The Boar’s Head Festival


My wife and I are just returning from another trip to Ann Arbor, Michigan, where our daughter and her family of husband, three boys, one girl, and one golden retriever live their full and blessed lives. You may remember that we quarantined with them the first four months of the pandemic, which, to say again, was wonderful for us.

This trip on the first weekend of December was a repeat of many other trips we have made this same weekend through the years because of a wonderful Christmas Program that is put on by Concordia University of Ann Arbor. This is the Boar’s Head Festival, which celebrated its forty-third year this year.

I know by searching YouTube that other churches and colleges around the country and in Europe present a similar festival, but I didn’t see any in the South, so chances are you have never experienced one. Let me say here, I hope you get that experience and privilege someday.

To help me describe it to you I will reference “A brief history of the Boar’s Head Festival” written in the printed program by Angela Lai, MA, Sustaining Director, Concordia University Ann Arbor.

She begins by stating that the first Boar’s Head Feast was celebrated in 1340, nearly 800 years ago, at Queen’s College, Oxford, England, where it continues to this day.

The program is an exquisite combination of a Medieval musical play and the telling the story of the birth of Jesus the Savior and all that we know from St. Luke.

The theme song is “The Boar’s Head Carol,” which is the oldest printed Christmas carol in existence, dating back to 1521. Lai writes, “Wild boar had the reputation of being savage animals, roaming freely in the forests of Britain, and were often hunted. The 80th Psalm describes Satan as the ‘wild boar out of the wood,’ so his head is carried in triumph, testimony of his final defeat by the newborn King.”

The English Medieval theme is punctuated by a continual presence of the Beefeaters, who were and are still today the official bodyguards of the king. The authentic Beefeater costumes make for a dramatic connection to their prescribed role both in their historical context and in their parts in the play.

The other characters that make up the Medieval Feast portion of the program include Good King Wenceslas, lords and ladies, dukes and duchesses, wassailers, a court jester, and some children as singers and attendants to the Wise Men. Oh yes, we had two of our grandsons in the production for the first time this year. Proud moments. With a minimal yet convincing stage set, these all make for a quite convincing festive Medieval Feast.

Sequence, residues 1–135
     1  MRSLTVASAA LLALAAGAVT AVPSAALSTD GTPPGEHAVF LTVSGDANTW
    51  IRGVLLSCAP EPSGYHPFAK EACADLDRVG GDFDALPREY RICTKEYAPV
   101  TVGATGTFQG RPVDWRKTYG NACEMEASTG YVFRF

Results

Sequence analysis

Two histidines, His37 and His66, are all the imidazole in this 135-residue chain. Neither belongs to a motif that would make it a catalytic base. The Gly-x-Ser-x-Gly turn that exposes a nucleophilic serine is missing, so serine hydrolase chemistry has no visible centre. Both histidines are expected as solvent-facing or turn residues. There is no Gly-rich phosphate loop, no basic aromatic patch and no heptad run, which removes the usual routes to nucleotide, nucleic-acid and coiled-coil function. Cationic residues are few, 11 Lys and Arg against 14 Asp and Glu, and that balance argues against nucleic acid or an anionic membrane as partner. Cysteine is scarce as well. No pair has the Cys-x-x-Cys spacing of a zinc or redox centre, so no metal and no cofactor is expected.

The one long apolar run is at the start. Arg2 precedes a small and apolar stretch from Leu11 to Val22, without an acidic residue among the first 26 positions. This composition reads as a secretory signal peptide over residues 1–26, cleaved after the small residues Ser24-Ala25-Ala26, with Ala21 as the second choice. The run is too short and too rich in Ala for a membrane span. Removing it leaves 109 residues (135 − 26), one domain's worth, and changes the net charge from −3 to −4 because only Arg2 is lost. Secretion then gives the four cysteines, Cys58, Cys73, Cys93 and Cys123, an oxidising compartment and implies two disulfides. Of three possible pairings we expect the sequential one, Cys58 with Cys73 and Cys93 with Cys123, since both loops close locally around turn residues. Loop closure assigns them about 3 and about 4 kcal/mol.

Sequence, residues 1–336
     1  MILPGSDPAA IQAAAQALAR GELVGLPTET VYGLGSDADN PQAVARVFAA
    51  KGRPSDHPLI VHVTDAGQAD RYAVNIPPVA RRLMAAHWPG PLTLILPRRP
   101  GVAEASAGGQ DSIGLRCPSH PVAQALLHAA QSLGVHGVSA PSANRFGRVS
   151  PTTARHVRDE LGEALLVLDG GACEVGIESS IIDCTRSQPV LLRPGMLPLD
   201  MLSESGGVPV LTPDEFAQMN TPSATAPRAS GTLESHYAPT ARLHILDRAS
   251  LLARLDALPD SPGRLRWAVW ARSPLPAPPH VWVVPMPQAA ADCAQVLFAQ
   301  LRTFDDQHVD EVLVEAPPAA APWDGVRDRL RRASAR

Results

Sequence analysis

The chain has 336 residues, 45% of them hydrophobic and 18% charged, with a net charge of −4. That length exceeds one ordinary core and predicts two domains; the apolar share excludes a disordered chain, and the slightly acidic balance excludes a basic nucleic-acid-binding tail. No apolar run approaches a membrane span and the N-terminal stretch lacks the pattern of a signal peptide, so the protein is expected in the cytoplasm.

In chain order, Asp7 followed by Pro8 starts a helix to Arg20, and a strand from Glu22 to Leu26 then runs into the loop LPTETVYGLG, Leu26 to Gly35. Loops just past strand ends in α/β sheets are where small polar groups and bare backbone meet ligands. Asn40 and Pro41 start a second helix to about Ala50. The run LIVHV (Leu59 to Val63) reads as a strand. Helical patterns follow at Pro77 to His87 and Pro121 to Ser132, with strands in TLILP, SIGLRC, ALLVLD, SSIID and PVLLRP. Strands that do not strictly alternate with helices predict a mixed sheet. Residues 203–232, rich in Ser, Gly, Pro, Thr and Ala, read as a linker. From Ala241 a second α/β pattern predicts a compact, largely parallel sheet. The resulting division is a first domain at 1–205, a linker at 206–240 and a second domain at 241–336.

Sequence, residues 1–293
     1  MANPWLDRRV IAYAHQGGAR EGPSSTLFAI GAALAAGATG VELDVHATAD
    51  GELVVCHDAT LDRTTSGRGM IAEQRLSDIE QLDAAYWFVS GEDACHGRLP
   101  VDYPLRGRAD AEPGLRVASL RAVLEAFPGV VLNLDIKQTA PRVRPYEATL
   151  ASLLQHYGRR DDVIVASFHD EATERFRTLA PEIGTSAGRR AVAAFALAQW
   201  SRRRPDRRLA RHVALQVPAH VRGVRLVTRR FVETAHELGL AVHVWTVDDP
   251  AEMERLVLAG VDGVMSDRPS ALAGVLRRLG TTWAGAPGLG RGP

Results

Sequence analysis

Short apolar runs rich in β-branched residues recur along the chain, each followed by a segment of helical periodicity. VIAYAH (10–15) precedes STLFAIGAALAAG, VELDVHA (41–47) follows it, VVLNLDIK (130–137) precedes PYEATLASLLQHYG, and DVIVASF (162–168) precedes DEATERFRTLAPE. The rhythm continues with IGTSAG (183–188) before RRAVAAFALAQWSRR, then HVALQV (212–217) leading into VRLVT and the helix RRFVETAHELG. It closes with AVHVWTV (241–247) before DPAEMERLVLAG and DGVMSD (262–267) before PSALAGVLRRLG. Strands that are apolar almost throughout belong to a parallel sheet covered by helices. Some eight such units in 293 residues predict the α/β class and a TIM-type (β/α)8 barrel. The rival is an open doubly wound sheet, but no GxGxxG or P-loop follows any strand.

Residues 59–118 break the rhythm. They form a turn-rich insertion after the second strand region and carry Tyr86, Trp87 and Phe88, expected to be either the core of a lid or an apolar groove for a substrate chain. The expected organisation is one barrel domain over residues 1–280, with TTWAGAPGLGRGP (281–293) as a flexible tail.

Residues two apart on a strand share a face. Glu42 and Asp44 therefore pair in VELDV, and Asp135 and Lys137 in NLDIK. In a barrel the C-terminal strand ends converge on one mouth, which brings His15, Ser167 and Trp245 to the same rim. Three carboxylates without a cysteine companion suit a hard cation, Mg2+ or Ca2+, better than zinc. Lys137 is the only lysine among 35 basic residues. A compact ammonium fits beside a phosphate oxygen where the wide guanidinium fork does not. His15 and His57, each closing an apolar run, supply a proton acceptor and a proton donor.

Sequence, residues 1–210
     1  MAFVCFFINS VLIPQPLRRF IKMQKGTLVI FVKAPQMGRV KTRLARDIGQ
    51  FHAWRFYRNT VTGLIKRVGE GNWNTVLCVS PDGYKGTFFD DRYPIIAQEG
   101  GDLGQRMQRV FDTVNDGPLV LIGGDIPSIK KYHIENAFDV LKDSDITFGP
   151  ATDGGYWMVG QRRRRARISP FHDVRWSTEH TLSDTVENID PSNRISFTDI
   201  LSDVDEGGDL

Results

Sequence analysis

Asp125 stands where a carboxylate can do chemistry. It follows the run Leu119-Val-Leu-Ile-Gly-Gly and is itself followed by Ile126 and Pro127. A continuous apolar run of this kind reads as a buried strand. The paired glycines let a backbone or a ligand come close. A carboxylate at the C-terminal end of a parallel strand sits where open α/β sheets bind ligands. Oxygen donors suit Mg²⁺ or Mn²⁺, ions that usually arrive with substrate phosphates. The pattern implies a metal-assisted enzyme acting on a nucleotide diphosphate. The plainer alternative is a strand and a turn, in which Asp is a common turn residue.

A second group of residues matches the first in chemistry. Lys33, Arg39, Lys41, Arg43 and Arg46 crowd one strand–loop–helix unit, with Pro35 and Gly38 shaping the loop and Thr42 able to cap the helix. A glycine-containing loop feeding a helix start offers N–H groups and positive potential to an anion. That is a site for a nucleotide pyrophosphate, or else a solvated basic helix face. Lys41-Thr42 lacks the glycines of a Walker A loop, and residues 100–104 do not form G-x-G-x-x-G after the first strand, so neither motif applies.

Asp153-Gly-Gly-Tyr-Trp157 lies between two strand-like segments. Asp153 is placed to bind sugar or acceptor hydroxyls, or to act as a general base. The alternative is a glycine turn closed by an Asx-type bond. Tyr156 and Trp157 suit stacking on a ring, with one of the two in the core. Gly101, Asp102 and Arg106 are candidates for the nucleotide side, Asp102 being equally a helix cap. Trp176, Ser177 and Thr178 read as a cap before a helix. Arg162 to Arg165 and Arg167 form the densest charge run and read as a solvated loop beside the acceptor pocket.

What you need to know and surely must experience for yourself at some time in your life is that it is the music that carries both halves of the festival. And do I mean “carry.” A multi-rank pipe organ, a full orchestra, a choir of strong and pitch-perfect college students, and excellent soloists provide a glorious Christmas experience.

It is said that what’s important about music is that is “moves” us to feel something, not just hear something. Well, believe me, this music “moves” the soul.

Music in the Medieval portion includes “The Boar’s Head Carol,” including the rousing chorus sung by choir and congregation in Latin, “Caput apri defero, Reddens laudes Domino,” translated, “The Boar’s Head I present, rendering praise to The Lord.” Other carols include “Masters in This Hall,” “On This Day Earth Shall Ring,” “Good King Wenceslas,” “Deck The Hall,” “We Wish You A Merry Christmas,” and the “Wassail Carol.”

With the arrival of Mary and Joseph to Bethlehem, the story shifts to the innkeeper, the birth of the newborn King Jesus, the shepherds, and the Wise Men, all in dramatic costumed musical production.

Again, it is the music which takes the congregation to the moving and stirring true meaning of Christmas. The most dramatic of these, in my opinion, is when the shepherds, Wise Men, and then the Medieval king and all the Medieval characters also come to the stable in Bethlehem, and they all bow down to the Savior King Jesus. Most impressive is the highlight moment when the earthly king also bows in full prostration to worship this True King, who has come down from heaven to give life and salvation to all humankind.

The exit from the stage of all the players and characters is accompanied by what I would call, “The most stirring and powerful rendition of ‘O Come, All Ye Faithful’ I have ever experienced.” Full organ, every voice, every instrument, every heart and soul of all actors and entire congregation give full declaration of the birth of Christ The Lord.

Can you hear it?

O come, all ye faithful, joyful and triumphant,

O come ye, O come ye to Bethlehem

Come and behold Him

Born the King of angels:

O come let us adore Him,

O come let us adore Him,

O come let us adore Him,

Christ the Lord!

Yes, I hope you get to experience this or something like it in this Christmas season. Yet, more importantly I pray you will acknowledge the true and real meaning of Christmas, and worship the Christchild on Christmas Eve or Christmas Day in your own church or a church you will find. We have many wonderful churches in our area. Take the whole family, then return for all the blessings the church has to offer all year long.

Merry Christmas, everyone! Christ the Savior is born! Amen!

[Kollmeyer, a thirty-five-year resident of Fayette County, is Pastor Emeritus at Prince of Peace Lutheran Church in Fayetteville. Follow this great church at He recently completed an interim pastorate at Word of God Lutheran Church in Sharpsburg. Follow this great church at You can also find some of Kollmeyer’s recorded sermons over the past year at this website.]